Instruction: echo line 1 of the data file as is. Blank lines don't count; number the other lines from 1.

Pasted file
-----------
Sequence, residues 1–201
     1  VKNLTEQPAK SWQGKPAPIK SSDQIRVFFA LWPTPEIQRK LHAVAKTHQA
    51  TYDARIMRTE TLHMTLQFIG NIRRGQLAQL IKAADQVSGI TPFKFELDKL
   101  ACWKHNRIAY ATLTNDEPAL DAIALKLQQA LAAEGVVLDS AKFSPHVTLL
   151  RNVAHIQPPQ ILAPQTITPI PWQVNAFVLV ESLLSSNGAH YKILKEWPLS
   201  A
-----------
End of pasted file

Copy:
Sequence, residues 1–201